a personal injury to the skin of creatures or even flowers fresh fruit an such like with a blunt or hefty tool or by collision with a few various other human body a contusion as a bruise regarding the head bruises on good fresh fruit
- to battle because of the fists to field
- To injure since by a blow or collision without laceration to contuse as to bruise people finger with a hammer to bruise the bark of a tree with a stone to bruise an apple by letting it fall
- hurt the emotions of
- injure the root soft muscle or bone of
- break up into little pieces for cooking
- damage (plant structure) by scratching or stress
- an injury that doesn't break skin but leads to some stain
- To injure, as by a blow or collision, without laceration; to contuse; since, to bruise an individual's hand with a hammer; to bruise the bark of a tree with a stone; to bruise an apple by letting it fall.
- to split; as with a mortar; to bray, as minerals, roots, etc.; to crush.
- to battle using the fists; to field.
- a personal injury to the skin of pets, or even plants, fresh fruit, etc., with a blunt or hefty tool, or by collision with some various other human anatomy; a contusion; because, a bruise on the head; bruises on fruit.
Injury regarding the smooth tissues that leads to breakage regarding the regional capillary vessel and leakage of purple bloodstream cells. In skin it can be seen as a reddish-purple stain that does not blanch when pushed. Whenever a bruise fades, it becomes green and brown, due to the fact body metabolizes the bloodstream cells into the skin. It is advisable treated with local application of a cold pack immediately after injury. Also known as contusion.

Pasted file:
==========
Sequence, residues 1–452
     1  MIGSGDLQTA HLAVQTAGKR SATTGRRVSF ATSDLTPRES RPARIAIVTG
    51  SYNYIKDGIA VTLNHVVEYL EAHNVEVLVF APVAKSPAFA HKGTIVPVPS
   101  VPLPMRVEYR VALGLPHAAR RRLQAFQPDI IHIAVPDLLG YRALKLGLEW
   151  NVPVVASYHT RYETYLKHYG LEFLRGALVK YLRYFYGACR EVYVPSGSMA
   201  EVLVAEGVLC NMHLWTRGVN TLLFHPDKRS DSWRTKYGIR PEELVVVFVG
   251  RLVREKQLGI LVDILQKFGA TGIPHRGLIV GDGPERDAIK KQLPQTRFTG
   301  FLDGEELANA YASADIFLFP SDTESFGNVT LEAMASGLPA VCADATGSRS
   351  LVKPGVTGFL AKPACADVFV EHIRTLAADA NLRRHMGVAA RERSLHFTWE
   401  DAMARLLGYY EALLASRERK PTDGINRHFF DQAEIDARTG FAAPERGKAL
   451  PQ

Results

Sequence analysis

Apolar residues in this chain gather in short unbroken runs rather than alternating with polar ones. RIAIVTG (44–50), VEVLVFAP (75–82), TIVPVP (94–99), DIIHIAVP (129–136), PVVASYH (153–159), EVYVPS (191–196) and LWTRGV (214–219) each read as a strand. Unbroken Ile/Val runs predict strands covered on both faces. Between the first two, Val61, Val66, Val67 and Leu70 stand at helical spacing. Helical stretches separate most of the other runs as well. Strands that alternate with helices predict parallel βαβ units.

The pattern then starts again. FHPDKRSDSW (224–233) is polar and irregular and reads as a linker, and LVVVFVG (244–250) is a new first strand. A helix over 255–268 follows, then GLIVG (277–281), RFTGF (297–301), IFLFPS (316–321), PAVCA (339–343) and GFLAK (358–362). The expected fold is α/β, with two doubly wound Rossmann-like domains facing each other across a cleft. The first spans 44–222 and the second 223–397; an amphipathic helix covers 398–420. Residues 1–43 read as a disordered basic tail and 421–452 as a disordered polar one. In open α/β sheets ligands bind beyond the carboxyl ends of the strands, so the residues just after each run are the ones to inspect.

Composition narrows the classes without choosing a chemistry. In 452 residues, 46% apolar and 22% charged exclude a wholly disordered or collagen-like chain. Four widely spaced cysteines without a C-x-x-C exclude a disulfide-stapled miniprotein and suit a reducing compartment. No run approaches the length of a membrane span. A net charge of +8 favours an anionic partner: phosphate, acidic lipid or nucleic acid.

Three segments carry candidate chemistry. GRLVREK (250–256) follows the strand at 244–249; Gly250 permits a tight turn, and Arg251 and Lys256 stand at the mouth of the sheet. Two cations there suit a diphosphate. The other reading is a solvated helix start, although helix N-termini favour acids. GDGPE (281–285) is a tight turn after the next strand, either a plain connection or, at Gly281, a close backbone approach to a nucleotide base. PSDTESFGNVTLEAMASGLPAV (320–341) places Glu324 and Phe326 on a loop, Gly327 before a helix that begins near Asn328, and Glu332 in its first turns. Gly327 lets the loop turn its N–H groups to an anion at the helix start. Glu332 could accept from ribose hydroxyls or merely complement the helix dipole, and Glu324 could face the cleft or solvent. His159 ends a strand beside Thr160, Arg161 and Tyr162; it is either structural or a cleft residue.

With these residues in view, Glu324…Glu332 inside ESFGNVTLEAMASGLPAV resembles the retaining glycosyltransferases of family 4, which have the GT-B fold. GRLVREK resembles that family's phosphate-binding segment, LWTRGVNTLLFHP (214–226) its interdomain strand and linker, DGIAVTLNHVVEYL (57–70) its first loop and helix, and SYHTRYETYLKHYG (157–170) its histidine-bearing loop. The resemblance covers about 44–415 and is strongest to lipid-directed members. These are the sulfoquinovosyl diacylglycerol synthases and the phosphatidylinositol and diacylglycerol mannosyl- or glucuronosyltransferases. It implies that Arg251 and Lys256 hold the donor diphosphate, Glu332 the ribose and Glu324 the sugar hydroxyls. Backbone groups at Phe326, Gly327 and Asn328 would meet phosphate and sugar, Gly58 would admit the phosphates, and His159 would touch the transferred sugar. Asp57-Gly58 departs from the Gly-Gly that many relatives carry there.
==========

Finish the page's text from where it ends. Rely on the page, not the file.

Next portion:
In medical jurisprudence. A contusion; an injury upon the skin of someone with a blunt or hefty tool, without option of continuity, or without breaking your skin. Shadock v. path Co., 79 Mich. 7, 44 N. W. 158; State v. Owen, 5 N. C. 452, 4 Am. Dec. 571.
Old English brysan "to crush, bruise, pound," from Proto-Germanic *brusjan, from PIE root *bhreu- "to smash, cut, break up" (cognates: Old Irish bronnaim "I wrong, I hurt;" Breton brezel "war," Vulgar Latin brisare "to break"). Merged by 17c. with Anglo-French bruiser "to break, smash," from Old French bruisier "to break, shatter," perhaps from Gaulish *brus-, from the same PIE root. Related: Bruised; bruising.
- 1540s, from bruise (v.).
(v. t.) To injure, as by a blow or collision, without laceration; to contuse; since, to bruise one's hand with a hammer; to bruise the bark of a tree with a stone; to bruise an apple by allowing it fall.
- (v. t.) To split; as with a mortar; to bray, as nutrients, roots, etc.; to break.
- (v. i.) to battle using fists; to package.
- (letter.) An injury on flesh of pets, or even flowers, fruit, etc., with a blunt or heavy instrument, or by collision with other human body; a contusion; because, a bruise from the mind; bruises on good fresh fruit.
This is termed a bruise or ecchymosis.